At the subcommittee, lawmakers agreed that it requires more discussion.
“Experts including the Korean Women Lawyers Association were negative about the change, and many lawmakers also wanted to take more time to think about the change,” said Rep. Back Hye-ryun of the DP, a member of the subcommittee. “Concerns were raised that it would be harder for the prosecutors to prove their case in a trial if the maximum sentence is higher, because the court will inevitably demand more evidence. And it is hard to obtain testimonies from a young victim even now, and there can be more attempts to conceal the abuse.”
“Parents who abuse their children don’t think they must not do so because the punishment is heavy,” said Professor Lee Yung-hyeok of the Police Science Department of Konkuk University. “When the public demands a strong punishment against an offender, the easiest way is increasing the sentence. But what we need is an improvement in the system that failed to protect the child.”
“I agree with the argument that a child abuser must be punished heavily, but changing the law to heighten the sentence does not necessarily help the victim,” said Kim Ye-won, a lawyer. “When the sentence is heavy, an accused does his or her best to deny a charge, and the prosecution’s burden to prove the case increases.”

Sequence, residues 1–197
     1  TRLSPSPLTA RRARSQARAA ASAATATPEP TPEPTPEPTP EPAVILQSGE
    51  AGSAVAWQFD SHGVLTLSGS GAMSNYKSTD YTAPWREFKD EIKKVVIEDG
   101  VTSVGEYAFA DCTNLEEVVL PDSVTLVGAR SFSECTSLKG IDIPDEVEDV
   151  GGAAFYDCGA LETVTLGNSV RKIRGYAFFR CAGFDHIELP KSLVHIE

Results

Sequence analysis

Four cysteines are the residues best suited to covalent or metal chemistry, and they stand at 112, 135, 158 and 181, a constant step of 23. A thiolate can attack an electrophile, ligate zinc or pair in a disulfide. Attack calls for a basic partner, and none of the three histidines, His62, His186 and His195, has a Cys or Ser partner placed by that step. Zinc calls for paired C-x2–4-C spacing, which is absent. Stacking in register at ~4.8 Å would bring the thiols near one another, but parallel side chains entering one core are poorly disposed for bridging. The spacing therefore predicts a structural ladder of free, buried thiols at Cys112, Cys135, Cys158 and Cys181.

A plan to separate a child from a parent immediately after two reports of suspected child abuse was also not approved, because the lawmakers said the seriousness of the case cannot be determined by the number of reports.
Of the 18 bills passed Friday, 11 were submitted from June to December last year, but lawmakers only deliberated over them on Thursday. The remaining seven were submitted within three days of the SBS report on Jeong-in’s death on Jan. 2.
Experts expressed concerns about rushed deliberation and passage of the bills. “These hastily introduced laws will only worsen the chaos in the field,” lawyer Kim said.
She said the country does not have enough shelters, but the lawmakers changed the law so that a suspected child abuse victim must immediately be separated from the alleged offender. She urged that more shelters be built and a more thorough evaluation process for separation is introduced before implementing the change.
Professor Lee said the police deserve criticism for its inaction in Jeong-in’s case, but the country needs a legal system that protects the police who proactively respond to a child abuse case. “There is a significant number of police officers who faced lawsuits after proactively taking measures to separate children from abusive parents,” he said.
Kong Hye-jeong, head of the Korea Child Abuse Prevention Association, criticized the lawmakers for trying to use the tragedy of Jeong-in for their political gain. “They should have asked child protection and welfare services workers about what changes are necessary before submitting the bills,” she said. “They are just rushing to include their names in newspaper articles before this tragedy is forgotten by the people.”
BY SER MYO-JA, SONG SEUNG-HWAN [firstname.lastname@example.org]